The Lakes District Airport Authority is coming off a busy summer season of activity at the Baker Airport site, but there are a few needs that have to be addressed in order for the station to excel into the future.
In an effort to get a jump on these pressing concerns, members of the airport authority recently approached the Village of Burns Lake council to state the necessity of resurfacing the runway at the airport and to seek funding options for this project as well as sending a letter to council asking for a chance to acquire one of the old village plough trucks they are possibly getting rid of later this year.
“The airport has to be paved,” said Lakes District Airport Authority (LDAA) president Reg Blackwell about the resurfacing project. “I mean it doesn’t have to be paved this summer, but it has to be paved soon. It’s starting to deteriorate and we’re just trying to get the ball rolling to line up the money. We’ve been talking with the government and nothing is for sure right now at the moment. We’re not asking the village to do it.”
When asked what government branch the LDAA has been talking to about funding for the runway, Blackwell said they are exploring all their options. He said they approached the village to discuss the need to resurface the runway because it is the village that owns Baker Airport, while the Regional District of Bulkley-Nechako covers the cost of maintaining it and the LDAA possesses the long-term agreement of running it.
Blackwell confirmed the runway was resurfaced about a decade ago, but stated the work was incomplete and only involved patch-work similar to what is done with potholes.
Concerning the need for another plough truck at the airport, he said the LDAA is asking the village if there is a possibility of acquiring one of the two trucks they are likely getting rid of this year.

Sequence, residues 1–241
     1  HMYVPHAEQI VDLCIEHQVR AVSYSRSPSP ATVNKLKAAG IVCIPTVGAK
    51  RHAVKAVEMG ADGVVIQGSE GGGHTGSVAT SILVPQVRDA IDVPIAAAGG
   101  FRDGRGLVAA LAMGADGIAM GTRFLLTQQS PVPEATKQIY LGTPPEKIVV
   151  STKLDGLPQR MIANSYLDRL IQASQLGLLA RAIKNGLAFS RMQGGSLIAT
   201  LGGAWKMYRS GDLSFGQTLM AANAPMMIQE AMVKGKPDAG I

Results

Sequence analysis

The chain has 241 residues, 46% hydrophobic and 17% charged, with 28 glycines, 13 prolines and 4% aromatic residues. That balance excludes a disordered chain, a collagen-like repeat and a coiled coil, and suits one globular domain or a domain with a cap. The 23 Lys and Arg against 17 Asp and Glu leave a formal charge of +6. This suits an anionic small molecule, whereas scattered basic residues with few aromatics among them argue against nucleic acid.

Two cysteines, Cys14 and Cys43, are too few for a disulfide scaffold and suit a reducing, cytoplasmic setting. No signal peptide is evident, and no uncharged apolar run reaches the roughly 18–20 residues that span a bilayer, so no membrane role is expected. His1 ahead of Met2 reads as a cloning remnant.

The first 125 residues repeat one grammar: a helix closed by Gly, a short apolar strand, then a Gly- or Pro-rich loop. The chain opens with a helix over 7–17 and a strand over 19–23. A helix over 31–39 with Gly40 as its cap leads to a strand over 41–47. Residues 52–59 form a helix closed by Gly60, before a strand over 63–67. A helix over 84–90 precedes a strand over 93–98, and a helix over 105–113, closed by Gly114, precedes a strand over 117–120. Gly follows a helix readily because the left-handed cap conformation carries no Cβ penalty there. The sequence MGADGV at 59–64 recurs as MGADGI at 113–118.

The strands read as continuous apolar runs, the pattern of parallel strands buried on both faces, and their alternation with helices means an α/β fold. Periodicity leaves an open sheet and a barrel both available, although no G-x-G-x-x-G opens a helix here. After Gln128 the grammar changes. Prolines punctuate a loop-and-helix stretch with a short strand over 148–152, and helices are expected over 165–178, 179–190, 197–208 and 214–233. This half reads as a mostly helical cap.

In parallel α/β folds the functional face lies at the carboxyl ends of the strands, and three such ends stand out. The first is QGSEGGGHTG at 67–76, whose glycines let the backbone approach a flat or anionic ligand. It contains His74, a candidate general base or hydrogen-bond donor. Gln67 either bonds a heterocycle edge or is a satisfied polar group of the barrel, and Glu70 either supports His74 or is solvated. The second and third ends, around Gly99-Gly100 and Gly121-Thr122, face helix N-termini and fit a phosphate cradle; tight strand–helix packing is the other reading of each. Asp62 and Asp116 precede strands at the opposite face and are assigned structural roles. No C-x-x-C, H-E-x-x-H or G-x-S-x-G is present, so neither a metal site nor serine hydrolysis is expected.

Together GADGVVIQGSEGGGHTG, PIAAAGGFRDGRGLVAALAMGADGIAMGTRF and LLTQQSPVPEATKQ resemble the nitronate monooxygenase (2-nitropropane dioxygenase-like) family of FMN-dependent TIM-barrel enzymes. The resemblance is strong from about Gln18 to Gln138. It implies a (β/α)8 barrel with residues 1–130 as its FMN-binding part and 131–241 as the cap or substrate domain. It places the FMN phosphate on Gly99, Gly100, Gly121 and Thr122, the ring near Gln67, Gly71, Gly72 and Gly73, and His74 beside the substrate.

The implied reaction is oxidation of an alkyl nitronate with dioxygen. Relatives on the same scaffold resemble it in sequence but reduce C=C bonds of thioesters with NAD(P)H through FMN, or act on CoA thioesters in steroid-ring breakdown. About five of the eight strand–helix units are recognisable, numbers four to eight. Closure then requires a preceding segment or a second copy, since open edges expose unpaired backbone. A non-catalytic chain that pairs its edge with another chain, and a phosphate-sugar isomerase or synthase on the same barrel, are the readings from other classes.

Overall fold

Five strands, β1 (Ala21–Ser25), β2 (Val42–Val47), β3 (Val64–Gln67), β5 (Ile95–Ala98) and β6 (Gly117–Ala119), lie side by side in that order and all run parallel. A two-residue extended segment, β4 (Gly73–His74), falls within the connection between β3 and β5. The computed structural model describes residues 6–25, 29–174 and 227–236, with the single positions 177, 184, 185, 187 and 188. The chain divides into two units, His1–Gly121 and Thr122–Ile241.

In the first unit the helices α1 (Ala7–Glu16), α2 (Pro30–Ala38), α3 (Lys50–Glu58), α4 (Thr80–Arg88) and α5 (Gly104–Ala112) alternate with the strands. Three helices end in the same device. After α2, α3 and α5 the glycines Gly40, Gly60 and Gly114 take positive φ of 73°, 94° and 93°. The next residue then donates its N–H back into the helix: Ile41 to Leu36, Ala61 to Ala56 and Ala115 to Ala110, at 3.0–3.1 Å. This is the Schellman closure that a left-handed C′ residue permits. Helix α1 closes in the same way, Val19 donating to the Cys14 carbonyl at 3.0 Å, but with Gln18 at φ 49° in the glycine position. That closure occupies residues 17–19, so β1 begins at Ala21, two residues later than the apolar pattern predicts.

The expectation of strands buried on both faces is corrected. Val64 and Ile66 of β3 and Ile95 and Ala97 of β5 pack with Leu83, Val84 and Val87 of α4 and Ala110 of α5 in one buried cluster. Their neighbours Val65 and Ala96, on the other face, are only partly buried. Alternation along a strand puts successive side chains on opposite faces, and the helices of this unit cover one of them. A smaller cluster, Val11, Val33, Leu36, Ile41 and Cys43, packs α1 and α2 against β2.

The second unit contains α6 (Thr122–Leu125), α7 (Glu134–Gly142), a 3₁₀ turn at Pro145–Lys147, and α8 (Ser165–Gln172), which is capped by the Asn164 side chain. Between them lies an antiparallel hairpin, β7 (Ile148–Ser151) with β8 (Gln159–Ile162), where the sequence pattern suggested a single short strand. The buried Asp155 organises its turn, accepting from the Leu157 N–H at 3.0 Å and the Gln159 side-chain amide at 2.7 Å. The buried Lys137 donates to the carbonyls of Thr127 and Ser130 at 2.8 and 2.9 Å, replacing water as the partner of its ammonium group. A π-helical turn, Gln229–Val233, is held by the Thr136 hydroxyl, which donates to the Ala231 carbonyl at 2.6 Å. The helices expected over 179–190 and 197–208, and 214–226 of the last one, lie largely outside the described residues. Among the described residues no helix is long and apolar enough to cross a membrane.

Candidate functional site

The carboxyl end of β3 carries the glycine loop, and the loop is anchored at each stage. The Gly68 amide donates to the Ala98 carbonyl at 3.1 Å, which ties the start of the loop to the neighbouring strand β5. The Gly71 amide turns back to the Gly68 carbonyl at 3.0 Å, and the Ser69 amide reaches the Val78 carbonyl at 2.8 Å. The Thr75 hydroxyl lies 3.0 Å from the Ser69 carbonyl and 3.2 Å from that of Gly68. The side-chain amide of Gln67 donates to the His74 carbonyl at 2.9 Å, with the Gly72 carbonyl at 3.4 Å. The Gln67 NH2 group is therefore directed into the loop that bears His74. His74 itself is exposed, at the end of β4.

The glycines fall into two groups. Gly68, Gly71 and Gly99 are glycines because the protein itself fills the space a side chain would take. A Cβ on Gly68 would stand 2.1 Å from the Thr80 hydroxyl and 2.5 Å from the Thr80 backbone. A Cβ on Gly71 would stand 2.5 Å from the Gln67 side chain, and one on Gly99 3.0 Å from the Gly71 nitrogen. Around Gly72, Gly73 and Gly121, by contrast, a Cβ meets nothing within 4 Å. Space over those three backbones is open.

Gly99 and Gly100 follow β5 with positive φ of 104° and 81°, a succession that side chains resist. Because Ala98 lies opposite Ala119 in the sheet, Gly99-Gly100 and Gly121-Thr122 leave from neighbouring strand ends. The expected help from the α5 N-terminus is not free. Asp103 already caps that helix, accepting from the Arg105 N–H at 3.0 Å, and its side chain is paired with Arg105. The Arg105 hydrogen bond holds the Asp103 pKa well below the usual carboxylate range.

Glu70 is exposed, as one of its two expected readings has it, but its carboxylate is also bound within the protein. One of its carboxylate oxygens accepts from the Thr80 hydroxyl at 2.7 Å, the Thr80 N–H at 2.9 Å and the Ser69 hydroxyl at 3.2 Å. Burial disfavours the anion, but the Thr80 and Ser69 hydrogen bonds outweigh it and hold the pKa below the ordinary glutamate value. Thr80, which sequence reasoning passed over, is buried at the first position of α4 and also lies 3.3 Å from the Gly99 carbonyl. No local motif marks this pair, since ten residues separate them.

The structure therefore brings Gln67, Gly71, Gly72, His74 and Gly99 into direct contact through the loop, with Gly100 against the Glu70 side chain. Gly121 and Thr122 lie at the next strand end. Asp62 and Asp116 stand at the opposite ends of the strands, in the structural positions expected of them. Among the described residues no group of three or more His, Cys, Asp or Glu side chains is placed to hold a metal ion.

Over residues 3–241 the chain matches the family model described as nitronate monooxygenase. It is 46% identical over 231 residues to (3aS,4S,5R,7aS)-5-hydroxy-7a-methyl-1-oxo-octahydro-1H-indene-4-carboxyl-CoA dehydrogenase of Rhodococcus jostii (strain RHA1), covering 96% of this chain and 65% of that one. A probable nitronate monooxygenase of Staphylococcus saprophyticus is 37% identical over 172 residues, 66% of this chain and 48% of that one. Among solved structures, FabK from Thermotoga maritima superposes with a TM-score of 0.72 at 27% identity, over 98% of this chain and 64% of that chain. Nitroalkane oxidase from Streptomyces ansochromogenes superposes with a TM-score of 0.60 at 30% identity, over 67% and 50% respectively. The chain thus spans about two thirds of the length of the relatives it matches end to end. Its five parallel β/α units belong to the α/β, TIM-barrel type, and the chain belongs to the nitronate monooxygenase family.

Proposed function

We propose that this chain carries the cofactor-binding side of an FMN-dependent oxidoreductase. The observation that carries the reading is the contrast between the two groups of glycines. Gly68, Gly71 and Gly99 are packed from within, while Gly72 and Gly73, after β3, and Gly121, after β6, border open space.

“We’re noting asking for free or anything like that,” said Blackwell, noting they want one of the two trucks in question. “We just asked if any are in good shape [that] we’re looking for an upgrade on ours. We’ve got some old stuff out there.”
Blackwell said the main priority of the airport authority is to keep the runway open for emergency air ambulance (medevac) services.
In 2013, 22 medevac aircraft movements were recorded at the airport and 17 have been noted so far this year. These totals do not include after hours movements.
“That includes keeping snow removed in the wintertime for medevac purposes more than anything,” he said, noting they need dependable ploughs that are not in an almost broken down state to ensure this level of service.
“Last winter we had a bit of trouble and we’re looking to upgrade to something newer. If we can get one of these village trucks I think we’re in decent shape, so that would be good.”
According to minutes from the Sept. 2 meeting of council, it was agreed to sell the airport authority one plough truck at a price of $10,000 plus tax.